To Maverick, where after a slow burn period of development and progressive maturity, in its fourth year the festival has ripened into a splendid day (or weekend) out, certainly not harmed by the bright clear weather and the inclusion on the bill of Songs from The Blue House, our status as early adopters enabling us to compare the site and sounds of this weekend’s occasion with previous years’ events. The dank and be-cobwebbed barn of our first performance is now the welcoming and brightly lit cafeteria and children's soft play area and the scuffed-concrete floored and stoat-friendly bar is now the Peacock Café (later to be graced by original 60’s protest singer and Woodstock veteran Melanie, who is probably wondering where all these royalty cheques have started coming from since The Wurzels started appearing on repeats of the 1976 Top of the Pops). The food and merch stalls have subtly improved in breadth and character – not that I don’t miss Andy Pearson’s Funky Dub Bar – but what remains is the genial rustic vibe. For now though, an impressively seven-handed* SftBH are tucked away between the face painting stall and the guitar set-up tent, being marshaled into position by Stephen ‘Foz’ Foster of the British Broadcasting Corporation in order that he may broadcast our music over the airwaves to the greater Suffolk and beyond. “They’re going to travel” he mutters to on-the-road side kick Dave Butcher, an unflappable, charming and resourceful engineer with whom we have happily crossed faders before. “They” are back in the studio. Through rough interpretation of the jargon of broadcast terminology we ascertain that this apparently gnomic statement means that someone is going to read out an update on the state of the roads and so we have a few more minutes to sort ourselves out for our big moment on the air. This is proving to be mildly problematic in that since we were originally going to be a slimmed down, totally acoustic line up (in line with the founding tenets of the band), the delay in transmission means that we now have a whole group to include within the audio spectrum including a keyboard player ('TT') and Gibbon on bass, both of whom require the modern devilry of electrickery in order to make themselves heard. “Can we get some power round here?” someone asks. “Not easily” replies Butch. So that’s not a ‘no’ then? A stallholder appears from somewhere nearby offering power and Dave soon appears with an extension lead. Our Glorious Leader emerges from the musical instrument stall next door with a ten watt bass amplifier, Foz is bending into position in order to transform the microphone he will be using for his live links to the studio into the ambient mic picking up the banjo and James’s acoustic guitar. He fiddles with a headphone. Nods. “I’m here at The Maverick Festival with Songs from The Blue House…”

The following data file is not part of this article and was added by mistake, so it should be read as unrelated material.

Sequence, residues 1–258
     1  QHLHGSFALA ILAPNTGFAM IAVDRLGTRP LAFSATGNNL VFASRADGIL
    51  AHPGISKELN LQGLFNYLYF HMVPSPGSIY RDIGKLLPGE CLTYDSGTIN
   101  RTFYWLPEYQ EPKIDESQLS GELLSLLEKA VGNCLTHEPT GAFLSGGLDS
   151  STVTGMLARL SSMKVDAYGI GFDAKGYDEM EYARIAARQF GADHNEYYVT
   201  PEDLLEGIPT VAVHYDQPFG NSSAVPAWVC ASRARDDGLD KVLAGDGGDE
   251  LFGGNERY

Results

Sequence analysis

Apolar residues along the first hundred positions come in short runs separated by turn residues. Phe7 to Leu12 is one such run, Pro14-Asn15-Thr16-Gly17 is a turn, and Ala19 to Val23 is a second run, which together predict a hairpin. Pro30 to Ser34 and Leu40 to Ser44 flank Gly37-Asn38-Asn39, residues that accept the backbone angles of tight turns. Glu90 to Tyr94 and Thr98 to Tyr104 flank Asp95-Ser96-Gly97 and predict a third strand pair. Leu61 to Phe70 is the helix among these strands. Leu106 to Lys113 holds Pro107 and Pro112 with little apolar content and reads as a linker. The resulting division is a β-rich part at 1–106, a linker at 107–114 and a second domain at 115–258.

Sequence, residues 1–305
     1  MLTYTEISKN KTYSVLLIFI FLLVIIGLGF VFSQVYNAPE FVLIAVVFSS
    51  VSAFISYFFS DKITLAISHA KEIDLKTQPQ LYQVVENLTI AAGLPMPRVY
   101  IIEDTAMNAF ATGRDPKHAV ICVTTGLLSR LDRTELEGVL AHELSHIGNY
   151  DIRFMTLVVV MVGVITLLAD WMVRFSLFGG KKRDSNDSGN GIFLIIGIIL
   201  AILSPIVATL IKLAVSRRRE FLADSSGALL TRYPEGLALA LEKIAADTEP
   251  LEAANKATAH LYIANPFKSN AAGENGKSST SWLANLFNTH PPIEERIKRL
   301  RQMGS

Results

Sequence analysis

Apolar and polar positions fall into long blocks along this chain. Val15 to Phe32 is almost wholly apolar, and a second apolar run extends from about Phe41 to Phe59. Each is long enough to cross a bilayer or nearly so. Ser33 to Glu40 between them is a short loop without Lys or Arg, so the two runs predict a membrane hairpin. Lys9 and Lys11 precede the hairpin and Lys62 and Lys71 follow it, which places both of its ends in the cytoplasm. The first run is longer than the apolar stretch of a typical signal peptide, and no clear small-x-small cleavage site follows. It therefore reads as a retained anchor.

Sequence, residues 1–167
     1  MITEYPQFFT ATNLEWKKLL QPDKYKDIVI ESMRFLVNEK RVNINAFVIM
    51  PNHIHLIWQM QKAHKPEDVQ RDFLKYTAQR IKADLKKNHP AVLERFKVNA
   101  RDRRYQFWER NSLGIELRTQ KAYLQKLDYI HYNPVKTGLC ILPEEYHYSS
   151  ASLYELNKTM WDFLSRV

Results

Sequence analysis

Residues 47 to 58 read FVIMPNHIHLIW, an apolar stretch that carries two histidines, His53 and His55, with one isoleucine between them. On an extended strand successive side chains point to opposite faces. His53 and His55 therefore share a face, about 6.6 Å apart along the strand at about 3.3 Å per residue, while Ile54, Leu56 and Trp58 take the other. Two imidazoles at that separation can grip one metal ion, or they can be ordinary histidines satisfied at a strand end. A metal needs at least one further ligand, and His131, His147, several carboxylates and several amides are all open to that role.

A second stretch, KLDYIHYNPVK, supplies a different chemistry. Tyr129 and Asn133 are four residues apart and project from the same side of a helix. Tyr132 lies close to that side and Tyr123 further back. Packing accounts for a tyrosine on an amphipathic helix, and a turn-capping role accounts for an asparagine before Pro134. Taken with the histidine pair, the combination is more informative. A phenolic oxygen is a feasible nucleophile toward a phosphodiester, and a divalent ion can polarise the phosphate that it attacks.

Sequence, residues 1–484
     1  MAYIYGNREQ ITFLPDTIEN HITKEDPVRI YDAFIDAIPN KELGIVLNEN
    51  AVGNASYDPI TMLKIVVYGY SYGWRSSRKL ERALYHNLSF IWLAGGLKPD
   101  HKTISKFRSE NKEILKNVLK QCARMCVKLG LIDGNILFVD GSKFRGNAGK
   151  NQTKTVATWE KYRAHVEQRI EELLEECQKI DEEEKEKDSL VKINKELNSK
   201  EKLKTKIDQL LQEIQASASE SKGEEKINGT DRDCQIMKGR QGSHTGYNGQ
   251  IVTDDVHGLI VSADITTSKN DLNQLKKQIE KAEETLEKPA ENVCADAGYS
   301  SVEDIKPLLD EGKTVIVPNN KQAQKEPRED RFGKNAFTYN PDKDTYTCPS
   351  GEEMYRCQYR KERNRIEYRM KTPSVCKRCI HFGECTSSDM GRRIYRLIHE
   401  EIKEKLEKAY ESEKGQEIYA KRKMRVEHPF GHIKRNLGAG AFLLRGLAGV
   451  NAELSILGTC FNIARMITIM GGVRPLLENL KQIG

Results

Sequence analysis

Later, opening the main stage, we are ushered into position, line checked and able to kick off with a song from our second album with everything already in the monitors. We announce that Turny Winn is going to do a song and reflect that here, of all places, we don’t really need to marvel at the incidence of a singing banjo player (we will in fact be followed by a man who plays one behind his head, while clog-dancing) and when the result of the songwriting competition is announced with the judges’ entreaty that “…as with most things in life, three and a half minutes is just about perfect” Gibbon sonorously adds from the back of the stage “…aside, perhaps, from very life itself?”. The Fragrant and Charming La Mulley misses a cue for a flute solo – “I’ve been in the studio - there it just appears in your headphones at just the right moment” she explains.
We have a great, rousing, good-sounding gig. Later James confirms a conversation with a breathless audience member. “I’m from the south of The States” she explains “And I miss it so much. Your music just reminded me of home and I’m going to go to the CD stall and buy your albums!” Lady and Gentlemen, our work here is done.
*yeah, yeah, yeah, not literally - I mean that there are one over the half dozen of us.